Authority is a tricky thing. Without it, chaos is inevitable. If there is a vacuum of authority, something will always develop to fill the void. But when that happens – when authority develops without proper Authority over it – there is often the risk of abuse of authority. Absence of Authority is a real danger – but so is its misuse. Thus, it’s really important that we get Authority right.
I was thinking about this after a recent round-trip flight. If you’ve gotten on a plane anytime in the last 20 years, you know the drill. You line up at the TSA checkpoint, and go through the process of taking things off, emptying things, getting rid of things – making sure you don’t have anything you’re not supposed to bring with you, while also making sure what you do have goes in a bin.
I couldn’t help but notice that the process was directly affected by the agent who was handling me. Some TSA agents are patient, even humorous through a process no one likes, but that we all need. Other agents, however, get exasperated – even bossy and demanding – at unresponsiveness, confusion, or passenger frustration.
Certainly, TSA agents have a thankless job. They do the same thing for hours on end, with all manner of people who no doubt display all manner of attitude. I get it; their job can be equal parts monotony and frustration. Even so, they are in a place of Authority – a sacred trust that isn’t easy, but must be done well.
We – okay, I – need them to show common courtesy and kindness as I try to figure things out, even if I’m fumbling through the process. And this is where the challenge of authority comes in. The person with the TSA badge gets to tell me what to do and how to do it. And I need them to do that. I want to be safe, and I want to follow the rules, and I want everyone else to do so, as well.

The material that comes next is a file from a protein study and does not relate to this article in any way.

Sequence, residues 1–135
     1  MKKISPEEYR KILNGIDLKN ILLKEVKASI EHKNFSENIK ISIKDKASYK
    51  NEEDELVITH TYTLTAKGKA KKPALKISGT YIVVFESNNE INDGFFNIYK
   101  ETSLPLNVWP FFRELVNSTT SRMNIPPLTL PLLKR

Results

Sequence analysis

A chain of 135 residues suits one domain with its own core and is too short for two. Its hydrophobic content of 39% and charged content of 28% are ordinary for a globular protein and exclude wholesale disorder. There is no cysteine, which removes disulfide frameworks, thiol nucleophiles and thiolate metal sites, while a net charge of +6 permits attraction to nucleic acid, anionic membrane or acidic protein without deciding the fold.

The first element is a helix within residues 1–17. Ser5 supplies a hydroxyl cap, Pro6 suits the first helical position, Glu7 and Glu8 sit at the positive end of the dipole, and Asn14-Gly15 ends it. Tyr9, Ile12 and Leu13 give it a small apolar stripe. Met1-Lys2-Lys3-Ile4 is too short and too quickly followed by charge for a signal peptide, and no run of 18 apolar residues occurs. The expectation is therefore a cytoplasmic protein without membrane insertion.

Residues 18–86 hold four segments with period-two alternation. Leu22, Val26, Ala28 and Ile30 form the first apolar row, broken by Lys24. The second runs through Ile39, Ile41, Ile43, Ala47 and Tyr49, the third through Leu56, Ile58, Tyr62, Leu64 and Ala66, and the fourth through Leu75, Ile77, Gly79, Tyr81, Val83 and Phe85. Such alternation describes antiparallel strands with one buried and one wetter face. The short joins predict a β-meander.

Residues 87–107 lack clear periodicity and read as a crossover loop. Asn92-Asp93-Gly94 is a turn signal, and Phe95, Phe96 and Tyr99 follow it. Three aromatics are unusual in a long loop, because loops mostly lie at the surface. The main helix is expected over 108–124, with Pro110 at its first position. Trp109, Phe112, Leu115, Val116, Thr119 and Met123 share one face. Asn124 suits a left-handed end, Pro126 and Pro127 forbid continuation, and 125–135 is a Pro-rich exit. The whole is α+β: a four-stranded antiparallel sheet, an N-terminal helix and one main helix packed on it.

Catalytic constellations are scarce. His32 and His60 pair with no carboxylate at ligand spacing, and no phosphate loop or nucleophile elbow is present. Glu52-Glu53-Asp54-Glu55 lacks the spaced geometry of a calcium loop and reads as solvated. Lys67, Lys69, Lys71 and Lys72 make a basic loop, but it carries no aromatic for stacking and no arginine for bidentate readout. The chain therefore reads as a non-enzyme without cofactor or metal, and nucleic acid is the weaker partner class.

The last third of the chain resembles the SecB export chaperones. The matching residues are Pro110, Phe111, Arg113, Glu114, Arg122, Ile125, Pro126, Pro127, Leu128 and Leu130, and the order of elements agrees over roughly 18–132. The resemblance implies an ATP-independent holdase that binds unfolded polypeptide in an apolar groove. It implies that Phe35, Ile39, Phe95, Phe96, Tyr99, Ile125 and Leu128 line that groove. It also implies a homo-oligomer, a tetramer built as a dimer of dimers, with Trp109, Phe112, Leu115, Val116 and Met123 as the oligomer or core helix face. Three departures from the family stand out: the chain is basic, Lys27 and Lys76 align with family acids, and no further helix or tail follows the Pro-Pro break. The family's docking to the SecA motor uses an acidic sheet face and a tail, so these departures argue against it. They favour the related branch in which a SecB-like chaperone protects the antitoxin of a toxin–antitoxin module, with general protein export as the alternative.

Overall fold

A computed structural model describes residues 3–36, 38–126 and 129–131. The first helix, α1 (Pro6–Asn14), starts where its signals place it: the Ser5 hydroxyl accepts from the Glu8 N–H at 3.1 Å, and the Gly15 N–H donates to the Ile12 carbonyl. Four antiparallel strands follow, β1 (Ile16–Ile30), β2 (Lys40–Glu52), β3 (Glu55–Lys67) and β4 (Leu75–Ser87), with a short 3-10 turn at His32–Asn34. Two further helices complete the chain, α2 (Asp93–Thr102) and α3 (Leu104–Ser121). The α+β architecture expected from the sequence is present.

The challenge comes in when the TSA agent gets frustrated or tired or annoyed that I’m the 35th person today who has forgotten to take out his water bottle (speaking completely hypothetically, of course). And it’s at moments like these where Authority can tip over into annoyance, and even into arrogance.
In other words, the challenge for anybody with authority is to remember that they are serving the people over whom they have authority. This holds true for the TSA agent, the clerk at the DMV, the elder in a local church, and the police officer arresting a suspected criminal. To have authority is to take on the responsibility of continuing to do the same thing over and over again with people who may not always know what to do – or, who know what to do, and choose not to do it anyway. And the importance of authority is to handle those people with courtesy and respect – and yes, proper authority – while making sure that what is right is done, and what is done is right.
Of course, we who are on the receiving end of authority have a responsibility, too. We are to respond appropriately, with dignity – even when we have concerns with that authority.
All of this is a reminder: there are a lot of things that can go wrong when those with authority interact with those on the receiving end of that authority. (In fact, we so often notice – rightly so – those times where authority is misused. But it’s also easy to then overlook all the times it is done well. It’s kind of like focusing on the bad pothole on the road – while missing the 99% of the road that isn’t pothole. Both need to be seen.)
In the end, I want grace and understanding from TSA agents when I’m just a little clueless about what to do and when to do it – just as I must offer grace and understanding for the difficult work they do. Both of us need to understand proper Authority – and its proper use. Through all of this, we are reminded how difficult it is to get Authority right, but how vital it is that we never stop working toward that end. Our society, our community, our churches, and our families depend on it.